Temple vs. Mosque - What's the difference?

Main Difference

The main difference between Temple and Mosque is that the Temple is a structure reserved for religious or spiritual activities and Mosque is a place of worship for followers of Islam.

Wikipedia

  • Temple

    A temple (from the Latin word templum) is a structure reserved for religious or spiritual rituals and activities such as prayer and sacrifice. It is typically used for such buildings belonging to all faiths where a more specific term such as church, mosque or synagogue is not generally used in English. These include Hinduism, Buddhism, and Jainism among religions with many modern followers, as well as other ancient religions such as Ancient Egyptian religion. The form and function of temples is thus very variable, though they are often considered by believers to be in some sense the "house" of one or more deities. Typically offerings of some sort are made to the deity, and other rituals enacted, and a special group of clergy maintain, and operate the temple. The degree to which the whole population of believers can access the building varies significantly; often parts or even the whole main building can only be accessed by the clergy. Temples typically have a main building and a larger precinct, which may contain many other buildings. The word comes from Ancient Rome, where a templum constituted a sacred precinct as defined by a priest, or augur. It has the same root as the word "template", a plan in preparation of the building that was marked out on the ground by the augur. Templa also became associated with the dwelling places of a god or gods. Despite the specific set of meanings associated with the word, it has now become widely used to describe a house of worship for any number of religions and is even used for time periods prior to the Romans.

  • Mosque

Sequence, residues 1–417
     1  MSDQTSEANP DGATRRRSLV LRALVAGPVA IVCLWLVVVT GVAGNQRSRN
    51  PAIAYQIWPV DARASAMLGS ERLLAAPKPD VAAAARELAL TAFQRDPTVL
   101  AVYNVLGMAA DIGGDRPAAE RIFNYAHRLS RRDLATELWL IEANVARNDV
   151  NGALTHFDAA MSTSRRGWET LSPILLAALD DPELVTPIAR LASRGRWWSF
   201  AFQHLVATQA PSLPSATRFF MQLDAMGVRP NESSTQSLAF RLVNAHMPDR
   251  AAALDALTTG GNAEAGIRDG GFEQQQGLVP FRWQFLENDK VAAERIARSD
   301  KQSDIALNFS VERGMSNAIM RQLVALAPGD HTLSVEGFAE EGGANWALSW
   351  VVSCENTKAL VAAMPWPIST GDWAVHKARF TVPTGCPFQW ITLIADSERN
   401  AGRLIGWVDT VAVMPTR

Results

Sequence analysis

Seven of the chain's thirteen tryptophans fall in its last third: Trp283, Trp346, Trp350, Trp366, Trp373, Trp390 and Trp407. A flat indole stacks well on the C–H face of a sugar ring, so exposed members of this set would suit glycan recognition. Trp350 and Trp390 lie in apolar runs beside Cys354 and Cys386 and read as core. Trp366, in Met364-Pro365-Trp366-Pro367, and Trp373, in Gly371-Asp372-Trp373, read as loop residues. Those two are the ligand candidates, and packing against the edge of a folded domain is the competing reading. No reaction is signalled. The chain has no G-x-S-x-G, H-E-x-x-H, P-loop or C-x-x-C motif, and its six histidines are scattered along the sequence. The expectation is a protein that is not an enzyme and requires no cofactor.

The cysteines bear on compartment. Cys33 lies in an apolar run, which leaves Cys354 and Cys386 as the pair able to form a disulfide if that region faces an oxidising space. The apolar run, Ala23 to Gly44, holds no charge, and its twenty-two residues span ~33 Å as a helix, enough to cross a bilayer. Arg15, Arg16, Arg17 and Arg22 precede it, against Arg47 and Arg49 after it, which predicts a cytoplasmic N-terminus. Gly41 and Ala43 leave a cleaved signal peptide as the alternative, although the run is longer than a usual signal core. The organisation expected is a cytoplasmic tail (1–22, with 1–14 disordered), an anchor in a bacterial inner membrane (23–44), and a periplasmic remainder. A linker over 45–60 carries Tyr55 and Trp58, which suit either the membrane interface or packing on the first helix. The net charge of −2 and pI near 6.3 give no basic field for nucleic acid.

A mosque (; from Arabic: مَـسْـجِـد‎, translit. masjid, lit. place of ritual prostration) is a place of worship for Muslims.Any act of worship that follows the Islamic rules of prayer can be said to create a mosque, whether or not it takes place in a special building. Informal and open-air places of worship are called musalla, while mosques used for communal prayer on Fridays are known as jāmiʿ. Mosque buildings typically contain an ornamental niche (mihrab) set into the wall that indicates the direction of Mecca (qiblah), ablution facilities and minarets from which calls to prayer are issued. The pulpit (minbar), from which the Friday sermon (khutba) is delivered, was in earlier times characteristic of the central city mosque, but has since become common in smaller mosques. Mosques typically have segregated spaces for men and women. This basic pattern of organization has assumed different forms depending on the region, period and denomination.Mosques commonly serve as locations for prayer, Ramadan vigils, funeral services, Sufi ceremonies, marriage and business agreements, alms collection and distribution, as well as homeless shelters. Historically, mosques were also important centers of elementary education and advanced training in religious sciences. In modern times, they have preserved their role as places of religious instruction and debate, but higher learning now generally takes place in specialized institutions. Special importance is accorded to the Great Mosque of Mecca (center of the hajj), Prophet's Mosque in Medina (burial place of Muhammad) and the Al-Aqsa Mosque in Jerusalem (believed to be the site of Muhammad's ascent to heaven). In the past, many mosques in the Muslim world were built over burial places of Sufi saints and other venerated figures, which has turned them into popular pilgrimage destinations.The first mosque was built by Muhammad in Medina. With the spread of Islam, mosques multiplied across the Islamic world. Sometimes churches and other temples were converted into mosques, which influenced Islamic architectural styles. While most pre-modern mosques were funded by charitable endowments, modern states in the Muslim world have attempted to bring mosques under government control. Increasing government regulation of large mosques has been countered by a rise of privately funded mosques of various affiliations and ideologies, many of which serve as bases for different Islamic revivalist currents and social activism. Mosques have played a number of political roles. The rates of mosque attendance vary widely depending on the region.